Making Ministry a Joy and not a Burden for Those Who Lead

Mark reminds all of us regular church-goers...
Can I speak up for pastors? I wish more people took Hebrews 13:17 seriously.

Have confidence in your leaders and submit to their authority, because they keep watch over you as those who must give an account. Do this so that their work will be a joy, not a burden, for that would be of no benefit to you.

Here is what Paul is saying: spiritual leadership is tough enough! Don't make it tougher than it already is. Pastors carry a heavy burden, but it's double trouble if the people you lead don't have confidence in you or submit to your spiritual authority. So here's a challenge: try to make leadership a joy for the spiritual authorities you follow.

Here is the advice I gave my pastor friend: confess when you're wrong and confront when you're right.

Pastors need to fess up when they mess up. And I'm not just talking about moral failure. I'm talking about the ability to say I was wrong. But don't be afraid to confront when you're right. Leaders need to say "I'm right" when they are right. We aren't doing anybody any favors if we let them think they're right when they are wrong.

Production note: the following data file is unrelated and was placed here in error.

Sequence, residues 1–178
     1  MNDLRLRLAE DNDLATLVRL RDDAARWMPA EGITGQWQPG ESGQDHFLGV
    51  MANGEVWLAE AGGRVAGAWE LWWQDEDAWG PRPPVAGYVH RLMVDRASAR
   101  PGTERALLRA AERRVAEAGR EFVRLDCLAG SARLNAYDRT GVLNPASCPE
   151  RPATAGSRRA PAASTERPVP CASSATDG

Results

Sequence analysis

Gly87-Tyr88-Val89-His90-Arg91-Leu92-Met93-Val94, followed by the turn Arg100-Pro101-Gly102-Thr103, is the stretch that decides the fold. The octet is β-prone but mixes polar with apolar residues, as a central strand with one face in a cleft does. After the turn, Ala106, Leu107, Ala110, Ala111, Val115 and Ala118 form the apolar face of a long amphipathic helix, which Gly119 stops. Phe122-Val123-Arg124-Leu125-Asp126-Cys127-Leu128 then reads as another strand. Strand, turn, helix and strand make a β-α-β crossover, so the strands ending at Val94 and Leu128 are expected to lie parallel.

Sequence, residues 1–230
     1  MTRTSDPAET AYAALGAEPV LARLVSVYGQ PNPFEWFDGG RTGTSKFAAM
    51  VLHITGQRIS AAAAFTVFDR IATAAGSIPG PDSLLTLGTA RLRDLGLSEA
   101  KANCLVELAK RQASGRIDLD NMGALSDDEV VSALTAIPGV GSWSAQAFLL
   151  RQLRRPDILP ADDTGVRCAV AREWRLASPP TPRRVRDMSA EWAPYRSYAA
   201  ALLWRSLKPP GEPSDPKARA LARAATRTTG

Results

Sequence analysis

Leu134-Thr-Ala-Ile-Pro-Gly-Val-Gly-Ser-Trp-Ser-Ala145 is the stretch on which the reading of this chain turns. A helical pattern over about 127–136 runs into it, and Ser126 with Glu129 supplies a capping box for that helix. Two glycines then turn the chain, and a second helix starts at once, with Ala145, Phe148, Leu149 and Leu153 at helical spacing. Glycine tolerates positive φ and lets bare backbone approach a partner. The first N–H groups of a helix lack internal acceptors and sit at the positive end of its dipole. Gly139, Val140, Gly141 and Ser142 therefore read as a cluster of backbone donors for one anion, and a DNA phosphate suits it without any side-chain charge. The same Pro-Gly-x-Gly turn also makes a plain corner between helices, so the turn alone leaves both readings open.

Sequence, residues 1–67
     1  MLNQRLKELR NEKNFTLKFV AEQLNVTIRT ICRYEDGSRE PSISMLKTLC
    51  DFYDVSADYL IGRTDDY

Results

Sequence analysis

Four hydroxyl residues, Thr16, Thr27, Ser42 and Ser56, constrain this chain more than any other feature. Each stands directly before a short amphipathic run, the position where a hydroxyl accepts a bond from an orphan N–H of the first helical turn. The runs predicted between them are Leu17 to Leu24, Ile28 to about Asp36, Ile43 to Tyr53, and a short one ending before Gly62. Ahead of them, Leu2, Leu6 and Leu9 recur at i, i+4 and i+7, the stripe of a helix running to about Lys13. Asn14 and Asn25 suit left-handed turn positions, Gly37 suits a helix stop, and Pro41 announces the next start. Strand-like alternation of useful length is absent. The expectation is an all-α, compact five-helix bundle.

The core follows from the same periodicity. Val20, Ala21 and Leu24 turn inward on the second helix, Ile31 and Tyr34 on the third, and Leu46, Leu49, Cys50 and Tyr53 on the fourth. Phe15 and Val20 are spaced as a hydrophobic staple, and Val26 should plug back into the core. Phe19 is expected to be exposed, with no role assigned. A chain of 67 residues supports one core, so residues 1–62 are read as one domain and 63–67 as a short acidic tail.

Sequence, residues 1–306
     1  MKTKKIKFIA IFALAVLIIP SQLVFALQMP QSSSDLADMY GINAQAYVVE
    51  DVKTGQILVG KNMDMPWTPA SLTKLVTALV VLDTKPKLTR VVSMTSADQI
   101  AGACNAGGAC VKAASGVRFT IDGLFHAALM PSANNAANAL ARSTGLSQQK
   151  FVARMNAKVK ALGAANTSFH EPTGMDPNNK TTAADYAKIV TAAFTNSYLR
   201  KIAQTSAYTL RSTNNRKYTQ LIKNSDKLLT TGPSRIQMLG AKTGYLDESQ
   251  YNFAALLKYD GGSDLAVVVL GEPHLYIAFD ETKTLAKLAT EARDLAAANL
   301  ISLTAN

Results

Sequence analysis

Not confronting when you're right is just as weak as not confessing when you're wrong.

Leaders need to be held accountable for the way they lead and followers need to be held accountable for the way they follow. And I'm going to say something that is easy for a leader to say, but it needs to be said: I think followers will be judged by how much of a burden or how much of a joy they were to lead.
The verse in Hebrews is something that I take very seriously. As someone who was in full-time ministry I know how frustrating it is to lead people who don't submit to the authority of the pastor. The work of ministry slips easily from being a joy to being a burden. Especially when people in churches dig in their heels and resist the leadership of their pastor.

Popular posts from this blog

5 Reasons I Won't Let My Kids Wear Clothes with Skulls on Them

How Stephanie and I Celebrated 15 Years of Marriage

Lessons from Mt Everest